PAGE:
Infants born underweight are susceptible to having metabolic disease throughout their lives.[13] The presence of glucocorticoids has contributed to the relatively low infant birth weight.[13] A decrease in HSD-11? Type 2 in the placenta can lead to infant restriction in growth, specifically during the first 12 months of an infant's life.[13] The reason for this is because the HSD-11? Type 2 is meant to be expressed in high quantities in the placenta, This is so because the enzymes secure the fetus from exposure to increased levels of glucocorticoids, which are linked to underweight newborns.[13]

See also


  1. ^ Seckl JR, Walker BR (April 2001). "Minireview: 11beta-hydroxysteroid dehydrogenase type 1- a tissue-specific amplifier of glucocorticoid action". Endocrinology. 142 (4): 1371-6. doi:10.1210/en.142.4.1371. PMID 11250914.
  2. ^ Stewart PM, Krozowski ZS (1999). "11 beta-Hydroxysteroid dehydrogenase". Vitamins and Hormones. 57: 249-324. doi:10.1016/S0083-6729(08)60646-9. ISBN 9780127098579. PMID 10232052.
  3. ^ Seckl JR (January 1997). "11beta-Hydroxysteroid dehydrogenase in the brain: a novel regulator of glucocorticoid action?". Front Neuroendocrinol. 18 (1): 49-99. doi:10.1006/frne.1996.0143. PMID 9000459. S2CID 46477930.
  4. ^ Anagnostis P, Athyros VG, Tziomalos K, Karagiannis A, Mikhailidis DP (2009). "Clinical review: The pathogenetic role of cortisol in the metabolic syndrome: a hypothesis". The Journal of Clinical Endocrinology and Metabolism. 94 (8): 2692-2701. doi:10.1210/jc.2009-0370. PMID 19470627.
  5. ^ a b Lindsay, Kaitlin. "Kaitlin Lindsay: Medical & Scientific Illustration". kaitlinlindsay.com. Archived from the original on 2019-04-22.
  6. ^ Hughes, Katherine A; Webster, Scott P; Walker, Brian R (2008-03-25). "11-Beta-hydroxysteroid dehydrogenase type 1 (11?-HSD1) inhibitors in Type 2 diabetes mellitus and obesity". Expert Opinion on Investigational Drugs. 17 (4): 481-496. doi:10.1517/13543784.17.4.481. ISSN 1354-3784. PMID 18363514. S2CID 72573025.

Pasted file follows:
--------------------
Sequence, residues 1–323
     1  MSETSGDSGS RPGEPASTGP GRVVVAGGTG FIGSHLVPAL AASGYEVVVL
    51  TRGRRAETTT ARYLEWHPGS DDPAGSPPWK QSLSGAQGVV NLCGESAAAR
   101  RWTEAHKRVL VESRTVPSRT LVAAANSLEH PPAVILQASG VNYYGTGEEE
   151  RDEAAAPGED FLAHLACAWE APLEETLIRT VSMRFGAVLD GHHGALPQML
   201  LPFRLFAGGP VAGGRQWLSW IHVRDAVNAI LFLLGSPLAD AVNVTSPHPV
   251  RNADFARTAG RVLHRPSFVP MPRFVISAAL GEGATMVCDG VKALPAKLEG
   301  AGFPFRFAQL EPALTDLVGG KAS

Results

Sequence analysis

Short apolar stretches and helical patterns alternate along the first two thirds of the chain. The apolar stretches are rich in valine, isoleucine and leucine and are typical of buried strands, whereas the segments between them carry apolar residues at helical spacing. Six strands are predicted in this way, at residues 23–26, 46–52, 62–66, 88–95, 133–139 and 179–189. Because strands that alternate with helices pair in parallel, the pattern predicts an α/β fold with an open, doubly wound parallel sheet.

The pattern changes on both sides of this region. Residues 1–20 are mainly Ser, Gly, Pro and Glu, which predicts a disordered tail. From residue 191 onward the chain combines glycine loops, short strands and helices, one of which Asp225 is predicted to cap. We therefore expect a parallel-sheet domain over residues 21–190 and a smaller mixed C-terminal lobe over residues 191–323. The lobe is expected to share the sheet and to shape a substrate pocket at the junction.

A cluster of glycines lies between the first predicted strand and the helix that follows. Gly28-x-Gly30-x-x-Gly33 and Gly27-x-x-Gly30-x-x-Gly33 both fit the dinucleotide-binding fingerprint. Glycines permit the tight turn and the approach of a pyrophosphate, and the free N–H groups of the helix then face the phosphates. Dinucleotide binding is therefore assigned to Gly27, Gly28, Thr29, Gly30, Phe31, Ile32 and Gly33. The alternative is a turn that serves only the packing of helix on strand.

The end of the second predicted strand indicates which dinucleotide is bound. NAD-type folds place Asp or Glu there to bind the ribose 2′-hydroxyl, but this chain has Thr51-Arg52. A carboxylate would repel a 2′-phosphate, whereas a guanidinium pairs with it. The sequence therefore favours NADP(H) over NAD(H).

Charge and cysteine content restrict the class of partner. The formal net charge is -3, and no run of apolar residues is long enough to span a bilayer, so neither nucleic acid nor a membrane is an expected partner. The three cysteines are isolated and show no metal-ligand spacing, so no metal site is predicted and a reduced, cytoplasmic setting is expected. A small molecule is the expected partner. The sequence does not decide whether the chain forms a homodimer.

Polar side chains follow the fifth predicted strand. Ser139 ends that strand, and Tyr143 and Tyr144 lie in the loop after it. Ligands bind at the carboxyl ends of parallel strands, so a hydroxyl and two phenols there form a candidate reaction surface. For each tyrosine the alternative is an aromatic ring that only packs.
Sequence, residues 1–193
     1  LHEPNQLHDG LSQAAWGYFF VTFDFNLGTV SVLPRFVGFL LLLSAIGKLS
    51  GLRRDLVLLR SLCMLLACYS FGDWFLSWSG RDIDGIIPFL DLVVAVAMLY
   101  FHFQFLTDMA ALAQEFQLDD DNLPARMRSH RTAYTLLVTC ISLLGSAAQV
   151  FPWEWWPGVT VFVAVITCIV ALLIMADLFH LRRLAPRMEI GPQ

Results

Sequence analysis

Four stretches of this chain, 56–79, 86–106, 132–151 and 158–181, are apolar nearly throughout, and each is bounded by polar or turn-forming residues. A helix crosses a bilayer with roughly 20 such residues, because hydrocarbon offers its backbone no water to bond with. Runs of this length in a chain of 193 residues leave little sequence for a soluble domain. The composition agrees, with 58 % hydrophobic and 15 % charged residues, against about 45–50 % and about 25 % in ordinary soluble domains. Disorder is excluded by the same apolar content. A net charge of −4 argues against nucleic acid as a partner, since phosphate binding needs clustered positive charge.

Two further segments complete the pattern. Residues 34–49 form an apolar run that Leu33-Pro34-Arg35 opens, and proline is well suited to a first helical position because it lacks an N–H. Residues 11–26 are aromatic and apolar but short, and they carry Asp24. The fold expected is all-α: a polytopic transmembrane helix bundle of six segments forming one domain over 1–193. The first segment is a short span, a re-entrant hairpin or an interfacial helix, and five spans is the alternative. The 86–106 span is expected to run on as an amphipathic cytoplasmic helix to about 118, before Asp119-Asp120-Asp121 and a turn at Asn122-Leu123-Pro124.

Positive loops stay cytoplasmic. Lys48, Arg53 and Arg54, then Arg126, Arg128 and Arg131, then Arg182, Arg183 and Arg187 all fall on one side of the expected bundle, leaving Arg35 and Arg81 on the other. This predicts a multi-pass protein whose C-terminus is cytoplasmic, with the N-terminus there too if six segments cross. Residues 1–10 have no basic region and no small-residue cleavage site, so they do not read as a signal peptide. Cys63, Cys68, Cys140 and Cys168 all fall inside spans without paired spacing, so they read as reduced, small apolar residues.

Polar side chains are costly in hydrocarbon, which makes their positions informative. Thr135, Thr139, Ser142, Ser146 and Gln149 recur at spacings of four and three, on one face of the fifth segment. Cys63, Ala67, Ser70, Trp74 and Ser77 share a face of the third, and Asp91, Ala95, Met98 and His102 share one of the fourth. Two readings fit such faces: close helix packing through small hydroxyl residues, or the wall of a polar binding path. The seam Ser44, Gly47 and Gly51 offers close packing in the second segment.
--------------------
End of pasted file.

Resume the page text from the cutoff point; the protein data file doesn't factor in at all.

7. ^ "HSD11B2 Gene". www.greencards.org.
  8. ^ a b c d e f g h Sieber-Ruckstuhl, Nadja S.; Zini, Eric; Osto, Melanie; Franchini, Marco; Boretti, Felicitas S.; Meli, Marina L.; Sigrist, Brigitte; Lutz, Thomas A.; Reusch, Claudia E. (November 2010). "Effect of hyperlipidemia on 11?-hydroxysteroid-dehydrogenase, glucocorticoid receptor, and leptin expression in insulin-sensitive tissues of cats" (PDF). Domestic Animal Endocrinology. 39 (4): 222-230. doi:10.1016/j.domaniend.2010.06.003. ISSN 0739-7240. PMID 20688460.
  9. ^ Cicala, Maria Verena; Mantero, Franco (2010). "Hypertension in Cushing's Syndrome: From Pathogenesis to Treatment". Neuroendocrinology. 92 (Suppl. 1): 44-49. doi:10.1159/000314315. ISSN 0028-3835. PMID 20829617.
  10. ^ Fuller Peter J.; Young Morag J. (2005-12-01). "Mechanisms of Mineralocorticoid Action". Hypertension. 46 (6): 1227-1235. doi:10.1161/01.HYP.0000193502.77417.17. PMID 16286565. S2CID 14749847.
  11. ^ a b c d e f g h Cherkasova, O. P.; Selyatitskaya, V. G.; Pal'chikova, N. A.; Kuznetsova, N. V. (2014-11-29). "Activity of 11?-Hydroxysteroid Dehydrogenase in the Adrenal Glands, Liver, and Kidneys of Rats with Experimental Diabetes". Bulletin of Experimental Biology and Medicine. 158 (2): 185-187. doi:10.1007/s10517-014-2718-3. ISSN 0007-4888. PMID 25430643. S2CID 24224772.
  12. ^ a b c d e f g h i j k l m Wyrwoll, Caitlin S.; Holmes, Megan C.; Seckl, Jonathan R. (August 2011). "11?-Hydroxysteroid dehydrogenases and the brain: From zero to hero, a decade of progress". Frontiers in Neuroendocrinology. 32 (3): 265-286. doi:10.1016/j.yfrne.2010.12.001. ISSN 0091-3022. PMC 3149101. PMID 21144857.
  13. ^ a b c d Rogers, Samantha L.; Hughes, Beverly A.; Jones, Christopher A.; Freedman, Lauren; Smart, Katherine; Taylor, Norman; Stewart, Paul M.; Shackleton, Cedric H. L.; Krone, Nils P. (May 2014). "Diminished 11?-Hydroxysteroid Dehydrogenase Type 2 Activity Is Associated With Decreased Weight and Weight Gain Across the First Year of Life". The Journal of Clinical Endocrinology & Metabolism. 99 (5): E821-E831. doi:10.1210/jc.2013-3254. ISSN 0021-972X. PMID 24517145.